9 hours ago, Kevinb said:

I agree I think there is that point where there is going to be a limit. I just don't think any of the owners are actually close to it. There is a reason they put a "luxury tax" into an effect they can't help themselves. The cap is more for the owners and making sure they play nice then it is for the players. The owners can depreciate a ton of assets, their teams keep going up in price, and live rights are just sky rocketing. With all the agreements they get from cities and stadiums paid for etc. There is a reason billionaires are lining up every time one of these assets goes up for sale. 

I think there is more to it that than, i think there is also a PR component to it.   I think its hard for fans of any game to see players making these ridiculous salaries and MLB is perhaps the worst in that regard. 
Think back to Kevin Brown, ARod, all the "milestone" deals... most of them have not worked out from a PR perspective.    Noone can play up to that level of expectation.  I personally dont think any player in this or any other game is worth the monopoly money numbers were talking about for Harper, Machado, or yes even Trout.    When does it end?  At some point there becomes a resentment over it, i think were very close to a point where it becomes detrimental to the game if it hasnt already.  

So what if the owners are making money, hell corporations that make money arent required to pass it on the employees, in fact that the exact opposite of what they do, why are MLB teams supposed to give away all profits?   Im not pro owner at all but this sense of entitlement the players union has is perhaps even more offensive than the rich getting richer.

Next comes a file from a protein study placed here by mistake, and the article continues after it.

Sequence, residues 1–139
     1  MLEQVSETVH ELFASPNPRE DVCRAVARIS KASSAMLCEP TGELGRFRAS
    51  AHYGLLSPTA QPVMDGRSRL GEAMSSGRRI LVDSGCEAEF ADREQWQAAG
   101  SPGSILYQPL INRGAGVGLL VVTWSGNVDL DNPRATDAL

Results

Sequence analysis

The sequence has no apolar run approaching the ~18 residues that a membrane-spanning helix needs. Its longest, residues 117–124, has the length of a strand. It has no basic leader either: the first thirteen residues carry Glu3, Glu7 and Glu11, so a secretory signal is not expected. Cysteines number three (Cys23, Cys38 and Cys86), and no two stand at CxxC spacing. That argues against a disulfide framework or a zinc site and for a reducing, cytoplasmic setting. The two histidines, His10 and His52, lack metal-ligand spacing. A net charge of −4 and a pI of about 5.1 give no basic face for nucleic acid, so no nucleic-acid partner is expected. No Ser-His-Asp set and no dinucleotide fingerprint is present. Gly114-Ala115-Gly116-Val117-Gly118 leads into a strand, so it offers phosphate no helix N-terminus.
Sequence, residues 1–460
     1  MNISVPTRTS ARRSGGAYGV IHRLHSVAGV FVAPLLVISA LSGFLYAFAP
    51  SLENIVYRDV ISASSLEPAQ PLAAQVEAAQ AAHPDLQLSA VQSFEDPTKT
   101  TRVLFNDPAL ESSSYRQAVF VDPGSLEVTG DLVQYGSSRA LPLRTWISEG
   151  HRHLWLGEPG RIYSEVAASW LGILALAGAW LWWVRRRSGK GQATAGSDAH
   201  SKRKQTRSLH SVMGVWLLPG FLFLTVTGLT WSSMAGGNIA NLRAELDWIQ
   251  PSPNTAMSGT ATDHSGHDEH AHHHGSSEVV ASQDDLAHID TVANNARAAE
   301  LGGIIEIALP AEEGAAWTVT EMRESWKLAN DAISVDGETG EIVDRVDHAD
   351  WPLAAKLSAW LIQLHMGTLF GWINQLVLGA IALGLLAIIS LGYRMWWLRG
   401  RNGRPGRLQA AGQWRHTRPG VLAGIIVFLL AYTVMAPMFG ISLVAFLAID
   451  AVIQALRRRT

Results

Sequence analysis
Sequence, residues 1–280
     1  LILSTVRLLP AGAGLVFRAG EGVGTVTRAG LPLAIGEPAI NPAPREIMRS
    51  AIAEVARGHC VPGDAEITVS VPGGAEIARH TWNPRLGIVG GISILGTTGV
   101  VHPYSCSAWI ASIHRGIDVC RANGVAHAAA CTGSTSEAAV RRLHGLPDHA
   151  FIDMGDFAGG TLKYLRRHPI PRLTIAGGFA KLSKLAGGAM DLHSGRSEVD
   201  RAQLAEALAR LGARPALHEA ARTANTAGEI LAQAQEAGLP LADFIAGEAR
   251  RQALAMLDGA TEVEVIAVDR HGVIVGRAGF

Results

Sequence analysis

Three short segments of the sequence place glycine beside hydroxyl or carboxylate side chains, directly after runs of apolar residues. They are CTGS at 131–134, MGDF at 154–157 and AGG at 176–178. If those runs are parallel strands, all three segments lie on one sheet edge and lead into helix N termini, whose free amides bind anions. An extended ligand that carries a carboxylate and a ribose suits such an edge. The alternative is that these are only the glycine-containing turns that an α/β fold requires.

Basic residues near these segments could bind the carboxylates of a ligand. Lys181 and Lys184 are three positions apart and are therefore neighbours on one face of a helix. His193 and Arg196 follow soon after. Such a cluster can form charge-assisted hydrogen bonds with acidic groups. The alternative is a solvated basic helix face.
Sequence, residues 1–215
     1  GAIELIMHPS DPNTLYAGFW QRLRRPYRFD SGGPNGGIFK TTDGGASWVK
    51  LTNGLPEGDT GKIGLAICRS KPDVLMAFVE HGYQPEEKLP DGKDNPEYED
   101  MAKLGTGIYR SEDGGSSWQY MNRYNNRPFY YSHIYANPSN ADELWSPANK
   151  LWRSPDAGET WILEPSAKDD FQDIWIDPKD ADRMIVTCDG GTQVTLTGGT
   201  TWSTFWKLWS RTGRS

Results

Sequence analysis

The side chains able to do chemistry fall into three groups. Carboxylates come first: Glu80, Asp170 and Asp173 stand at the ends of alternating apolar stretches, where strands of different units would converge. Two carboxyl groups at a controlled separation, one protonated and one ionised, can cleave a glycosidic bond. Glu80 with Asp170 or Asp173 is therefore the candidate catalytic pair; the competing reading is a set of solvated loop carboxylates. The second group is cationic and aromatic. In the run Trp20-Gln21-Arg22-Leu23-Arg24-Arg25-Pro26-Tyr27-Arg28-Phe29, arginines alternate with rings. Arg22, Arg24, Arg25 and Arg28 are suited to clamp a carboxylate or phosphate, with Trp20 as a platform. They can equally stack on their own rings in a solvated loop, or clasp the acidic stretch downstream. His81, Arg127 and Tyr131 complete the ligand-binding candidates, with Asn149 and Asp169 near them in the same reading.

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Stanton signed his deal before his age 25 season to take him through age 37.  It also bought out 2 arb years. 

Did people already forget about steroids?  Arod was the Trout of the steroid era.  Thought of as a generational player.  He got the 2001 version of what Trout will get somewhere between now and 2021.  He was also a year younger than Harper and Machado who are entering their age 26 seasons while Arod was entering his age 25 season.  

Before we knew he was dirty, Arod was better than Machado or Harper.  At the time, many owners were furious with Tom Hicks and it was said that he essentially bid against himself.  

When is the last time we had a generational player become a free agent at age 25?  BTW, I don't consider Harper or Machado generational players.  

So since the league and mlbpa has tried to curtail PED use, guys are no longer as successful into their late 30's with some exceptions of course.  But by and large, the normal aging curve has come back.  

AAV's have crept up appropriately though.  It's just that the number of years haven't been there because of those aging curves and that there hasn't been that player.  

I think we'll see Harper and Machado will either see a bump in AAV or years but not both.